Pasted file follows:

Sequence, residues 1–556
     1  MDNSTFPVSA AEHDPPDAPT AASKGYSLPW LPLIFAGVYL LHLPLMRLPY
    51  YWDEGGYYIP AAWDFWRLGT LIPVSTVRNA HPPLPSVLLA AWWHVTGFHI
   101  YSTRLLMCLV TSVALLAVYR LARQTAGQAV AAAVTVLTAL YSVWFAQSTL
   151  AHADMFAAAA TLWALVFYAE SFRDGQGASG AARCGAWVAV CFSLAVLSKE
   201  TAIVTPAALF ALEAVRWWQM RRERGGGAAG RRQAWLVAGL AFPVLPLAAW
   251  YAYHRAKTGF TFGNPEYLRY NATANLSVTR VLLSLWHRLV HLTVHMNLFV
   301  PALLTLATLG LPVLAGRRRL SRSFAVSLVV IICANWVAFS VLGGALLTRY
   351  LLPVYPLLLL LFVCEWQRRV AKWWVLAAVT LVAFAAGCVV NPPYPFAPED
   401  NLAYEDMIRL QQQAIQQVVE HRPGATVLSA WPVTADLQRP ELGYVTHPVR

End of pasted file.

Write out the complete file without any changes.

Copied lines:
Sequence, residues 1–556
     1  MDNSTFPVSA AEHDPPDAPT AASKGYSLPW LPLIFAGVYL LHLPLMRLPY
    51  YWDEGGYYIP AAWDFWRLGT LIPVSTVRNA HPPLPSVLLA AWWHVTGFHI
   101  YSTRLLMCLV TSVALLAVYR LARQTAGQAV AAAVTVLTAL YSVWFAQSTL
   151  AHADMFAAAA TLWALVFYAE SFRDGQGASG AARCGAWVAV CFSLAVLSKE
   201  TAIVTPAALF ALEAVRWWQM RRERGGGAAG RRQAWLVAGL AFPVLPLAAW
   251  YAYHRAKTGF TFGNPEYLRY NATANLSVTR VLLSLWHRLV HLTVHMNLFV
   301  PALLTLATLG LPVLAGRRRL SRSFAVSLVV IICANWVAFS VLGGALLTRY
   351  LLPVYPLLLL LFVCEWQRRV AKWWVLAAVT LVAFAAGCVV NPPYPFAPED
   401  NLAYEDMIRL QQQAIQQVVE HRPGATVLSA WPVTADLQRP ELGYVTHPVR